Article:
Canvas - How long will it last?
by Bruce Connelly, Giclee Media Supplies Pty Ltd
I am constantly asked how long a printed canvas will last. The only credible response is – "there is no simply answer". While there are far too many manufacturing and atmospheric variables to give definitive answers, we now know many of the factors that influence the longevity of inkjet canvas.Archival or Not?
The term "archival" is one of the most abused within the inkjet printing industry. It has come to mean that the base product is both acid and lignum free (<1%), a fact guaranteed by the majority of cotton and cotton/polyester base products.
Virtually all canvas products sold by reputable makers for inkjet reproduction are archival by the above definition, yet their makers know that virtually none of them will survive more than 100 years without noticeable fading unless they are liquid laminated or covered by UV protecting glass.
The early inkjet industry was plagued by the premature fading of dye based inks and considerable attention was paid to improving longevity. Pigment ink vastly improved the longevity of inkjet printing, including canvas products but unlike paper, which is usually protected behind glass, inkjet printable canvas is exposed to the elements.
Accelerated light fade tests are a good guide to the best possible longevity given the prescribed tightly controlled environmental conditions but their usefulness in real life is questionable. Photographers have known for many years that films suffered from "reciprocity failure" and that means that say 10000 exposures of a single frame at 1/10,000th of a second did not produce the same result as a single exposure of one second. The relationship between the variables is not linear.
The same is true of accelerated fade tests, which only consider only the effects of light and suffer from reciprocity failure caused by various gases in the environment. As an example the first photo quality desktop dye based printers were sold with longevity claims of more than 10 years using the manufactures glossy photo paper. Many of these prints faded within weeks to an orange colour without exposure to light.
The fading was caused by ozone, a gas prevalent in the domestic home and this was the first time that we began to understand the impact of the environment on inkjet print longevity. Since that time, I have seen many archival canvas and fine art prints that have faded in the dark. There are many causes and they include excessive heat and humidity, gas fading and faulty formulation of the inkjet coating material during manufacture.
The study of print permeance has been expanded to examine the effects of both ozone and humidity yet we still see both printer and media representatives doggedly regurgitating print permanence in terms of a single number of years when it is well documented that the real world experience for unprotected canvas images may be dramatically different.
In 2004 Michael Berger and Henry Wilhelm published "Evaluating the Ozone Resistance of Inkjet prints" which showed what many disgruntled inkjet printer owners already knew, that dye based prints could loose a staggering 33%-65% in density when exposed to household air in Boston USA for a mere 29 days. These tests were conducted using the manufactures own papers and at 70% relative humidity and 24 degrees C, common conditions in Australia.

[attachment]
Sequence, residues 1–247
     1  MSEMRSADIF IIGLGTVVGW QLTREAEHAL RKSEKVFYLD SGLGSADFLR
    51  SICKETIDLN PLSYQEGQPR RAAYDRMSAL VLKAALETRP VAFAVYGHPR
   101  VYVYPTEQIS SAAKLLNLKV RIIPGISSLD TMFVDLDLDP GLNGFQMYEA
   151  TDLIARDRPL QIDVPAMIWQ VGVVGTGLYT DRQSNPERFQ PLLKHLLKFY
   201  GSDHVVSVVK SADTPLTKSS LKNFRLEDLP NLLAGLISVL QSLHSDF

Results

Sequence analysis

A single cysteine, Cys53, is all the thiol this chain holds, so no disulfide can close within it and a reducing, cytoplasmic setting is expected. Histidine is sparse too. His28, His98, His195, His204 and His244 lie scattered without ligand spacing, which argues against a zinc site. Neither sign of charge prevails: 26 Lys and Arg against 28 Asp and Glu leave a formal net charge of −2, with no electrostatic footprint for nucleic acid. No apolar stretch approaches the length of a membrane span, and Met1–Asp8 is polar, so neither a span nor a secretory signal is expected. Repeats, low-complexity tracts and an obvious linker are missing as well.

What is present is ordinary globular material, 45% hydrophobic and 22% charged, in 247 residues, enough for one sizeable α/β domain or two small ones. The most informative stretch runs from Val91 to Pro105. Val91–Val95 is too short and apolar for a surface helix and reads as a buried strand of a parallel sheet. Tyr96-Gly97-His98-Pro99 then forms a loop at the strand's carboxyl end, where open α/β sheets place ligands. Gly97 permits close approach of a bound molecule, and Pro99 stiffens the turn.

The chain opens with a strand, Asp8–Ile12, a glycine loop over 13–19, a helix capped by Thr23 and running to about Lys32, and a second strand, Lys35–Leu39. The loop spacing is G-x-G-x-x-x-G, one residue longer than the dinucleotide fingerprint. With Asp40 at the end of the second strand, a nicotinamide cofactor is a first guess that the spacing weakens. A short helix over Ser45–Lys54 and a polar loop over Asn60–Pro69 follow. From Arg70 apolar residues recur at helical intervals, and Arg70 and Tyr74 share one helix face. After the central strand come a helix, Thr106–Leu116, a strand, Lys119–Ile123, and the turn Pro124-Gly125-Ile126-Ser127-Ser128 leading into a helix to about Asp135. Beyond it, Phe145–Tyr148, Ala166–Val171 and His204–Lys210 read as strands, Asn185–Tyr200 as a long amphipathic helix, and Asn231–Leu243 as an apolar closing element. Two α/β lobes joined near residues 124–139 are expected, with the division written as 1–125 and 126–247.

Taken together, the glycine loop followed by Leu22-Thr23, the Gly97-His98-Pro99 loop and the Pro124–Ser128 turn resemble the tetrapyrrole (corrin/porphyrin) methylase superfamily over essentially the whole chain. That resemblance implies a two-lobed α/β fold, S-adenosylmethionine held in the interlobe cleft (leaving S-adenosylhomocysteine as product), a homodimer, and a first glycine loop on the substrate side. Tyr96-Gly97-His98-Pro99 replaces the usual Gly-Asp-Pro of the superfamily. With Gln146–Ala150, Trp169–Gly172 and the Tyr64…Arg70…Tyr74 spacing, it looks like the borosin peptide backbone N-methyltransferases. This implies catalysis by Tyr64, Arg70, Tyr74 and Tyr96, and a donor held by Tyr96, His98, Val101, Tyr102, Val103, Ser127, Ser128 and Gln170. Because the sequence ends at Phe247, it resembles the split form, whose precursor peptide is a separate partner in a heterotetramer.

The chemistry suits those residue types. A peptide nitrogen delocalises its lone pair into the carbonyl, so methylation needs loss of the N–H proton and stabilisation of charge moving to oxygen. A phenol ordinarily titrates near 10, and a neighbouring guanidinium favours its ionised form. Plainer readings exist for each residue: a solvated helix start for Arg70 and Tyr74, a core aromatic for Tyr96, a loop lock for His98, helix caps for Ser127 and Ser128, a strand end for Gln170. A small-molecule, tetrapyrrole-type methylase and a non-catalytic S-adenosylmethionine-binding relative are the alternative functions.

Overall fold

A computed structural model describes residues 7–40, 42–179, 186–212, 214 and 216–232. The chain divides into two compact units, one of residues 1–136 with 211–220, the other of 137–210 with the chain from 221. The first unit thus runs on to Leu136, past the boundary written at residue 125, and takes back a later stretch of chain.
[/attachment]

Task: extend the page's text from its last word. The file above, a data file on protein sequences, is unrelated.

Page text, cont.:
Under the same conditions pigment inks performed much better but they still lost 2% of their optical density over the same period indicating that 30% of optical density would be lost in 1.2 years, the Henry Wilhelm endpoint criteria. It was noted that the rate of air-flow over the printed surface heavily influenced the results. If we assume that unprotected canvas behaves like the OBA free fine art paper tested in Boston then the life of unprotected canvas products may be dramatically shorter than previously expected.
Burger and Wilhelm state:
"Often, but not always, an accelerated test can overestimate the stability and thus the predicted life"
Therefore accelerated light fade tests can only be regarded as a theoretical maximum for the specification and any prolonged increases in heat, humidity or air pollution over those of the test environment may dramatically shorten the display life.
When selecting canvas I suggest you pay no attention to unsubstantiated claims of longevity as almost all products are now acid and lignum free. The greatest risk to canvas longevity comes from chemical contamination from by-products of normal modern living.
The Great OBA Beatup.
One of the areas where the inkjet marketing spin doctors have been working overtime is the tenuous link between longevity and Optical Brightening Agents (OBA's). It is my assertion that any potential canvas purchaser should match the whitepoint to that required by the artwork and pay no attention to the OBA content of the canvas product.
OBA's are white or colorless compounds that work by converting ultraviolet light into visible light, thereby making the paper appear brighter or whiter. After being exposed to light containing UV rays for a long period of time, they begin to lose their fluorescent quality leaving the natural color of the base canvas and gesso. This means the base white will usually shift towards the yellow, a phenomena that can easily be witnessed by rolling a heavy coat of a deep UV blocking Giclee laminate over the canvas.
Many unscrupulous canvas vendors exploit this fact to imply bright white canvas will yellow to a degree greater than that of original product before the inks fade. The normally restrained German fine art paper maker, Hannemule was prompted to write in a recent press release: